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The sky’s the limit to offshore wind’s growing pains

Human innovation cannot be stopped – but some of the world’s biggest wind turbine suppliers are, in a sense, asking each other to do just that.

As Vestas, Siemens, Nordex and GE struggle to return to profitability, they are pressing home the message that offshore wind turbine sizes cannot keep increasing. Their lobbying effort has even gone as far as calling for a moratorium on scaling and a government-imposed cap on turbine sizes.

Reverse price auctions such as the Contracts for Difference (CfD) regime, pioneered in the UK and exported across Europe and beyond, put the race for scale on steroids. This trend delivered spectacular cost reductions, with CfD clearing prices plummeting 75% since the first contracts were awarded at administratively-set prices in 2014.

Those turbine OEMs able to deliver the biggest energy yield per acre of seabed were rewarded with brimming order books in prime markets such as the North Sea. But fulfilling many of those orders is contingent on them making eye-watering investments in product R&D at a time when they are literally haemorrhaging cash.

Damned if they do…

Turbine OEMs cannot sustain the breakneck speed at which new products are being rushed out into the market. Bringing a new platform to market costs hundreds of millions of euros, and none of the three main US and European OEMs have achieved sustainable profits in recent years. 

Vestas’ financial performance has been the least awful, eking out five marginally profitable quarters since Q1 2021. Siemens Gamesa has been deeply in the red since Q1 2021, while GE Vernova has been loss-making for more than two years straight. Against this dire backdrop, and amid a volley of steep interest rate hikes, injecting major capital sums into product development is untenable.

“Size does matter, but a non-stop race in offshore wind turbine size is not healthy or sustainable, as it requires turbine OEMs to continue making huge R&D investments during a period when they are suffering losses,” the Global Wind Energy Council said in its offshore wind annual report. “OEMs also risk the substantial upfront investments required for vessels and infrastructure. The wind industry has reached a point where it is unable to risk any more losses.”

…damned if they don’t

But at the same time, the OEMs cannot afford to take their foot off the accelerator. Their route to market is through developers, who are today designing projects to compete in auctions in the latter part of the decade. Unless these projects leverage the latest, largest turbine models with the lowest cost of power production, they will fail to secure a CfD and must wait for the next auction – when they will have to compete with projects using even bigger machines.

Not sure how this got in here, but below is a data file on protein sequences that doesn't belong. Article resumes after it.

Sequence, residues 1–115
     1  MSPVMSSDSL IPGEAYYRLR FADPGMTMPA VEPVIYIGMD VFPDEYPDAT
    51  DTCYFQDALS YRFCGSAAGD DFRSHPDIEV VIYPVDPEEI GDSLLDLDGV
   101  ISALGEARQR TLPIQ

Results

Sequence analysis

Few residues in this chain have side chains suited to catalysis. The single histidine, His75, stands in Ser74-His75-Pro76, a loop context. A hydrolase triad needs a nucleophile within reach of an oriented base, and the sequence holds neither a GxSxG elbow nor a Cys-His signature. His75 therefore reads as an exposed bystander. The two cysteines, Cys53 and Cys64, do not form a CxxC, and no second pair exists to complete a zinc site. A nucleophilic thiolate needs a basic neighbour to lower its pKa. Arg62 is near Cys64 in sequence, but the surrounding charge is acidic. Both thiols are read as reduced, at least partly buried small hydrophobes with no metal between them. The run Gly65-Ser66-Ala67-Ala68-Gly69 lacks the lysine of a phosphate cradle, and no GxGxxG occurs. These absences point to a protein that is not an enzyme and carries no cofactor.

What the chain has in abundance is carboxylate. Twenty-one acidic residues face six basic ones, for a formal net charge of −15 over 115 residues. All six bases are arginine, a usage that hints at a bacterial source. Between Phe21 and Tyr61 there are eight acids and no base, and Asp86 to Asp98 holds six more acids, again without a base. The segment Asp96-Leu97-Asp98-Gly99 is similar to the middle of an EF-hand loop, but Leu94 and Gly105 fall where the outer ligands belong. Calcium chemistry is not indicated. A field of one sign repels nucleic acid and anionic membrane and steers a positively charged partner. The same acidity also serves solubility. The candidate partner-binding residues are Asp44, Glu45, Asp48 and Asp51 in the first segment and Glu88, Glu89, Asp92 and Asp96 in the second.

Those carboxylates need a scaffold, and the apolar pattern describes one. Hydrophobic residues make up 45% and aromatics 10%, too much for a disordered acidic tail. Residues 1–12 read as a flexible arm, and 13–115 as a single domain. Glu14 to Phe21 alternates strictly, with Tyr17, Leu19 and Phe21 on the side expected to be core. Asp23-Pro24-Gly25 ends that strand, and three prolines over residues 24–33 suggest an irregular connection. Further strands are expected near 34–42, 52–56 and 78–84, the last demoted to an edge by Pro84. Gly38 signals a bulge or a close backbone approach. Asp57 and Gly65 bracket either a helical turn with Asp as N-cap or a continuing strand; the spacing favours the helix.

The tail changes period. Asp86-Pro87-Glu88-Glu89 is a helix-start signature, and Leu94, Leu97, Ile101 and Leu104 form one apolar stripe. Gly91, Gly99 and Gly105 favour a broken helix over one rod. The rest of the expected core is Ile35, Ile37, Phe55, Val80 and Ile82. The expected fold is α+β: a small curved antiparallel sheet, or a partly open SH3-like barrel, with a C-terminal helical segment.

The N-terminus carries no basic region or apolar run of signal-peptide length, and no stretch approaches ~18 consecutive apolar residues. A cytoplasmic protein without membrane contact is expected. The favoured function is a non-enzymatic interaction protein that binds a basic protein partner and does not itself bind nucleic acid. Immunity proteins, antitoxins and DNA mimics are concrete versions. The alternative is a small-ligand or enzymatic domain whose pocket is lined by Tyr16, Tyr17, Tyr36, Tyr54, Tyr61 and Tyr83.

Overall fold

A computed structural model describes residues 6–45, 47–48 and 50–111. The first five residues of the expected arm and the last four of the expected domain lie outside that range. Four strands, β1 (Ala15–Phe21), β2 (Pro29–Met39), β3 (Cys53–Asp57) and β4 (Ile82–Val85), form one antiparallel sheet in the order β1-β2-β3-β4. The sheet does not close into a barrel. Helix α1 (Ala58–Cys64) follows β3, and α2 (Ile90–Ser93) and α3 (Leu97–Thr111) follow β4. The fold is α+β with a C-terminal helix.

Increasing turbine size is by far the largest driver of offshore wind cost reductions. Unlike solar PV or electric vehicle batteries, wind turbine manufacturing struggles to achieve economies of scale. Calling for substantially higher CfD strike prices jars when cost-of-living concerns are at the top of the policy agenda, so the harsh reality for offshore wind is, ‘grow or die’. The irony is that the bigger the turbine, the fewer of them you need per site, which makes economies of scale that much harder to achieve.

This impossible situation prompted Vestas to break ranks this summer and call for détente in the turbine wars. All the Western OEMs and their supply chain partners are on the same page, gasping for breath. Their views were echoed by Wood Mackenzie, which argued for a size cap. But while they might be singing from the same hymn sheet in the public sphere, behind closed doors the competitive pressures are unrelenting.

If, say, Vestas unilaterally decides to pause and focus on marketing its flagship V236 15MW machine, it risks losing market share to GE, Siemens or a new entrant that discretely offers developers a 20MW-plus platform in time for a CfD allocation round in 2028 or 2029. One wind industry source compared these manufacturers to Tour de France cyclists in the peloton, chugging along in a weary pack while keeping a close eye on each other. “None of them know if they have enough left in the tank to make a break for the finish line without running out of steam,” the source observed.

Here comes China

As if coordinating a détente between Western OEMs wasn’t hard enough, these companies must now contend with ambitious Chinese rivals. MingYang Smart Energy and Goldwind are already deploying 20MW-plus machines in their home market, and are expanding across Asia-Pacific. Entering the US is tricky due to local content requirements and strained trade relations, so naturally they have designs on Europe.

MingYang launched its MySE 18.X-28X model earlier this year and is nearly two years into a memorandum of understanding with the UK government to build a blade manufacturing plant in Britain to supply North Sea projects. Goldwind is also said to be pushing hard to enter the European market while searching for potential manufacturing sites, according to market sources.